Counting 1s and 0s in binary is error prone - try 1001101011 how big is that? Instead use decimal (base 10), base 8 or base 16 to specify numbers. Each hexadecimal digit is 4 bits. Digits 0-9 are the same as their decimal equivalents in binary (0000-1001) and hexadecimal digits A-F are represented by 1010 (A) through to 1111 (F). Every byte is represented by two hexadecimal digits, a 32 bit int by 8 hexadecimal digits. Here are some values, showing decimal, hexadecimal and binary.

  • 7, 0x7, 00000111
  • 246,0xd6, 11010110
  • 1050,0x41a 010000011010
  • 98765,0x181cd, 00010100000111001101

The magical property of Xor ^

If we xor two ints a and b to get c then a ^ c gives b and b ^ c gives a.

To create an encrypted text file, "binary xor" a file of text with a value, say 255 to get an encrypted file. If we xor this with 255, we get back our original unencrypted text. As encryption schemes go, this is light weight and probably the most reinvented wheel by novice programmers. It can be made tougher by using values to xor that have at least 3 bits set instead of just 255.

In 8 bits, there are 256 different possible values- 0 to 255. There are only 36 values with 0,1, OR 2 set bits so that leaves 219 values which can be used. Stick these in an array and xor the first byte of the file against the first byte of the table, 2nd against the 2nd array value and so on.

Although light weight it is useful for hiding text strings in applications. A binary file viewer/editor lets anyone look for text strings, hidden commands, registry keys, even secret passwords. By encrypting these it makes life harder for them.

Example 3 displays the 219 values with three or more bits set, plus the remainder. It uses a similar mechanism to that PrintBinary() used in example 1.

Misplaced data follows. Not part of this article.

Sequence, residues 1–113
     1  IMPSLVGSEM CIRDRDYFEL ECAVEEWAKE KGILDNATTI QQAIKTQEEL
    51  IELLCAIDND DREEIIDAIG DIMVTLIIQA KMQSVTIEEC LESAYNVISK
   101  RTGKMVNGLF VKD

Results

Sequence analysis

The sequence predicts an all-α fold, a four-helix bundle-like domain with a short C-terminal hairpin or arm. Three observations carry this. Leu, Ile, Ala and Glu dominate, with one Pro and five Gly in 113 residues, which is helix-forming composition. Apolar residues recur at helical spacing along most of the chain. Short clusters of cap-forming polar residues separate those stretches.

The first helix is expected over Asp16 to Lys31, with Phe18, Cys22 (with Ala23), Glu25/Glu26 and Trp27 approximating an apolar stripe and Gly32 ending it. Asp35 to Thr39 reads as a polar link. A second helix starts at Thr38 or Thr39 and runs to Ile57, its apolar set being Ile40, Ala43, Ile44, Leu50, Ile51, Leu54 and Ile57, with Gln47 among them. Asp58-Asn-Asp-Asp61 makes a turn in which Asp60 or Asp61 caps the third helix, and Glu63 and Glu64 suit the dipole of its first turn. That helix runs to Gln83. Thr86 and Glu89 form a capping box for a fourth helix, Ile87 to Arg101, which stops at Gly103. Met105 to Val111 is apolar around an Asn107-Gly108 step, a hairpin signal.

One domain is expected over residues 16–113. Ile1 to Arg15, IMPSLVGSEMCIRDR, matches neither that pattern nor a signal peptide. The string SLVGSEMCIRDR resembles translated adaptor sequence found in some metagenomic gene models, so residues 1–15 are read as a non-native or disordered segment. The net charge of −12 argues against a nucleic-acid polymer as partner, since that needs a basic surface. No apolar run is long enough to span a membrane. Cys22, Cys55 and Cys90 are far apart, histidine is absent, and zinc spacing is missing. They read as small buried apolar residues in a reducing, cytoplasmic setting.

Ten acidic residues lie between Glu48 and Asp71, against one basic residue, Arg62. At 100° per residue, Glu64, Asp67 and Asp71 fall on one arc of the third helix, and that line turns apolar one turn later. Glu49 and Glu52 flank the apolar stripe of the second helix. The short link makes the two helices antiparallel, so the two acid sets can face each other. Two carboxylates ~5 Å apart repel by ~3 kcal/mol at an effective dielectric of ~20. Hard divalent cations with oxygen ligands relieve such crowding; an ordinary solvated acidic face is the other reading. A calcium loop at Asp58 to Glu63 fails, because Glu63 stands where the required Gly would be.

Download Example 3.

On the next page - A look at Unions

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An example using Simple Xor Encryption

Simple Encryption

Example 4 uses this technique in a simple example. The function

hideandshow(char *,char *)

processes the text in one buffer into another using 8 values for the xor. I picked 8 values from the output of example 3 with 5 or more bits set. With a higher number of bits set there is a greater overall transformation. Using only 8 values though means the range of transformations is lower.

As this is a light weight scheme, you should realize that it is not suitable for anything stronger than hiding text. Every developer thinks that their encryption scheme is uncrackable but that protection usually relies on hiding how the data was encrypted, this is known as "security through obscurity" and is not regarded every highly.

The strongest encryption schemes have their algorithms published and it is the strength of those algorithms that protects the data. If you write your own scheme, it is quite difficult to prevent your code being reverse engineered and if the prize is high enough, it will be.

The 8 values are indexed by the variable eindex which is repeatedly incremented but constrained within the range 0..7 by the line

 eindex % = 8;

This uses the built in C modulus operator. This line is the same as

 if (eindex>=8)

As can be seen from the output, the text displayed by the last printf is identical to the text supplied to the first call of


in the output listing below.

 The hidden text is
 The unhidden text is Hello world.

Download Example 4.

On the next page All about Unions.

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Unions- Holding Data in the Same Place


In the past we've looked at


. To remind you a struct is a way of managing several variables in one complete "super" variable which can be assigned or copied in one statement. The definition and use of a struct is this

 struct s {
   int a;
   char * b;
   int c[10];
 typedef struct s sblock; // avoids needing the word struct!
 sblock sval; // declare an instance
 sval.c[4] =10; // assign a value

Download Example 5.

In a struct like the type s above, the three fields, a b and c are laid out in memory one after another. In a union though, all three fields occupy the same space.